Data won’t falter, will improve
Hillary Clinton’s presidential campaign relied heavily on a data algorithm called Ada. Strategic decisions, like where to broadcast material and where to hold rallies (where Clinton would market her campaign, essentially) were allegedly heavily reliant on this data algorithm. The swathes of data that was fed into this algorithm should have enabled Ada to determine which key battlegrounds needed more rallies. You might not have heard, but Clinton lost, and states that were generally seen as safe like Michigan and Wisconsin went red.
2016 has been a turbulent year. One of the biggest contributors to this turbulence is the data that failed to predict the seismic political events like Brexit and the US elections. While the public will approach the next political (or sporting – Leicester City thrashed the odds this year too, we liked that) crossroads with new found scepticism of data projections, they’re still going to come out on top.
Data analysis from the likes of Alphabet (FKA Google) are part and parcel of marketing campaigns now, and our familiarity with them as key components of operations is standard.
So, while the use of data to forecast things has sensationally failed this year, we’re not suddenly going to dismiss it and start marketing via stargazing, although I’ve heard that all of Midas Media’s competitors believe in that shit (and not just the centaurs). The failure of data in 2016 however will lead to a reconsideration about the quality of our data, how we feed it into algorithmic tools and how invested we are in the results. This will be a good thing.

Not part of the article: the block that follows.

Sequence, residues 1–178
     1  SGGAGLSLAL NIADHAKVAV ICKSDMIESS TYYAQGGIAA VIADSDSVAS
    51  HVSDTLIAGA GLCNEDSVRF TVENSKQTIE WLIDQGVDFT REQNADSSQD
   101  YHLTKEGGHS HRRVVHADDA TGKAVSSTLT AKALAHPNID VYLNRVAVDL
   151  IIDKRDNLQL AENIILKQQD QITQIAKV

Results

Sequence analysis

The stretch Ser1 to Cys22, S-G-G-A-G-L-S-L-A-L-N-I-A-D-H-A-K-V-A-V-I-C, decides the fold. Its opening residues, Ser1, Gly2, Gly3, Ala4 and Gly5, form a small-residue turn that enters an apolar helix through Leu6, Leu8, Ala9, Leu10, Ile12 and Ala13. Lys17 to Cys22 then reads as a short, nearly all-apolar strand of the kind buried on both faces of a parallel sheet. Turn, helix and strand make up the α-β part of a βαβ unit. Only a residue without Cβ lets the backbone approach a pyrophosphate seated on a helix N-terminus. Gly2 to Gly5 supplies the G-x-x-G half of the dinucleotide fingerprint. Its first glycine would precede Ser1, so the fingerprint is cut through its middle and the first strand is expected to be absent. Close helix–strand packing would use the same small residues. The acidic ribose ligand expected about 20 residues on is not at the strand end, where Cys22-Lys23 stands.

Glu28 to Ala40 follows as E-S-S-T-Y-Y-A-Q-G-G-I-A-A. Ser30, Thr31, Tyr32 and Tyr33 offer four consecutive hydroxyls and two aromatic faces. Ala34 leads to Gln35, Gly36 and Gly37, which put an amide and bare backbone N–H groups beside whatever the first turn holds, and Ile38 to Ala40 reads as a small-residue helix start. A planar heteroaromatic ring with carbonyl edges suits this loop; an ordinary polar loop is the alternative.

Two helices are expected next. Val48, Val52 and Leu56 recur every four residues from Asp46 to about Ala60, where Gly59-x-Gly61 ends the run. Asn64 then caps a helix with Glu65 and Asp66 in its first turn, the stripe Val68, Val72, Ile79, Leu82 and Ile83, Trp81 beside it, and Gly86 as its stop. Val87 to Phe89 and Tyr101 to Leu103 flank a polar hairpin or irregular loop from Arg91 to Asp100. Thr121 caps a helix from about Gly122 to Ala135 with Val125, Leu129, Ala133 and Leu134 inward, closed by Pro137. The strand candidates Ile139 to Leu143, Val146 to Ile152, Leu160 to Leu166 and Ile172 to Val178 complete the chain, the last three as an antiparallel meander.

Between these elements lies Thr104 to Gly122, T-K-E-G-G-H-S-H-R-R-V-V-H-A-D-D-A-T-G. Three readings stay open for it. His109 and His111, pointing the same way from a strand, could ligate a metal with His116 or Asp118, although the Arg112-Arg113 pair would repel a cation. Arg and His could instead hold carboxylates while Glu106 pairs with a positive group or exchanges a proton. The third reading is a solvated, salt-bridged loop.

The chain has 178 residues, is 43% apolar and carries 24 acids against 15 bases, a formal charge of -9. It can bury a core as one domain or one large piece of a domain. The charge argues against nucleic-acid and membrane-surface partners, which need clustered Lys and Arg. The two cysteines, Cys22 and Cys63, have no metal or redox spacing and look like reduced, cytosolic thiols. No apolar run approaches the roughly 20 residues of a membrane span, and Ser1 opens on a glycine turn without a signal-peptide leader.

Twitter will endure
There have been many articles outlining the plight of social network Twitter. To be fair, Twitter has its issues. There are millions of bots and shallow engagement can range from a perfunctory retweet that goes nowhere to a troll comment sharing a meme that purports that you’re some kind of alien. Twitter’s user growth has slowed too: only 7 million users for the three quarters of 2016 measured. Its main source of revenue, advertising, is not particularly in demand either.
Worst of all, my shit gif tweets are deservedly neglected and I still can’t accept that.
battling your crippling lack of self-discipline. pic.twitter.com/T7uH0tFIWC
— Nat Rubyan-Ling ✒️✒️ (@Nat_RL1) November 16, 2016
Yet in spite of these challenges, Twitter is still at the forefront of popular culture. With the constant media references to Trump’s 140-character outbursts, Twitter’s lubrication of social movements – both progressive and conservative – and the general richness of memes and viral content found on the platform, Twitter is culturally relevant enough to keep it buoyant for the next year at least.
One addition that I personally laud is the ‘Moments’ feature, which has served to slow down the slew of news that goes through the platform and capture key, well, moments.
Marketing with a purpose will be all the rage
Content marketing is all about providing some sort of information or entertainment that your ideal audience values, pulling them to you rather than pushing your business on them. ‘Purpose-driven’ marketing is about identifying that value and enacting something to benefit it. It’s essentially marketing that supports a cause your audience finds worthy.
The amount of content online is staggering, and the more there is, the more desensitised we become to media. Purpose-driven marketing stands out because it has a real-world effect, it appeals to people’s activism (that conveniently ties in with some type of purchase) and it shows a brand cares about more than just its sales.
A good example of this is from interior décor company Banbayu. Harnessing the general hype around Black Friday, it offered consumers the chance to donate their discount to a charity they work with and create content around.
While predictions have been tremendously subverted this year, that’s not going to stop us sharing what we think will hit big in the industry over the next twelve months. If you have your own predictions, tweet us and let us know.